Stage performer George Dewey Washington (1898-1954) was born on this day. Named after an Admiral in the Spanish-American War, George Dewey Washington was a African American bass-baritone who sang in vaudeville in the 1920s and 30s dressed in a tramp costume: battered top hat, patched pants, ragged coat, in the tradition of Bert Williams.
Born in Rock Island, Illinois, he spent most of his childhood in Salt Lake City where he preacher father started the first Baptist church. From there the family moved to Portland when Washington was 16, and he later moved to Seattle, doing all sorts of odd jobs. In 1922 he moved to San Francisco to be a singer. After trying and failing to get hired at every theatre in town (rejected because of his color), a man named Paul Ash gave Washington a chance at his Granada Theatre. Washington was held over for 42 weeks, his salary going from $50 to $350, very big money in those days. Soon, he was touring the entire vaudeville circuit. Almost everyone who speaks about Washington talks about his remarkable diction and articulation (especially notable because he was untrained). This gave him a tremendous stage presence. In later years, his repertoire included old fashioned sentimental weepies like “Old Man River” and “Laugh, Clown,Laugh”. He worked Harlem nightclubs, did a couple of all black stage shows Old Kentucky (1932) and Rhythm Hotel (1935), was in the 1933 Broadway stage show Strike Me Pink and some early talkie movie shorts in 1929 and 1930 (the photo above is from 1930’s Ole King Cotton.)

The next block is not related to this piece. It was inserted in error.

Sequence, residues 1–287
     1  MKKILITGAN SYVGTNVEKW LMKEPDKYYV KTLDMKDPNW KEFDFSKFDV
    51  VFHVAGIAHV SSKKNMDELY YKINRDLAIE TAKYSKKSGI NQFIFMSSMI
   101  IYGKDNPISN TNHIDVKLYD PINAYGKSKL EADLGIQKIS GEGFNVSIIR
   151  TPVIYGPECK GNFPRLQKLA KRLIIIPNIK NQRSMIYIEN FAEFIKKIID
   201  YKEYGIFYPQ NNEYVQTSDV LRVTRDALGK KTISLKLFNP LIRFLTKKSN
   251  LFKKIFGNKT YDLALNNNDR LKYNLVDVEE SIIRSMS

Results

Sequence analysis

Washington continued performing in night clubs at least through 1949 (the latest newspaper reference I could find). He passed away in 1954 (thanks, Walt S. for the research that uncovered that!)
To find out more about the variety arts past and present, consult No Applause, Just Throw Money: The Book That Made Vaudeville Famous, available at Amazon, Barnes and Noble, and wherever nutty books are sold. And don’t miss my new book Chain of Fools: Silent Comedy and Its Legacies from Nickelodeons to Youtube, just released by Bear Manor Media, also available from amazon.com etc etc etc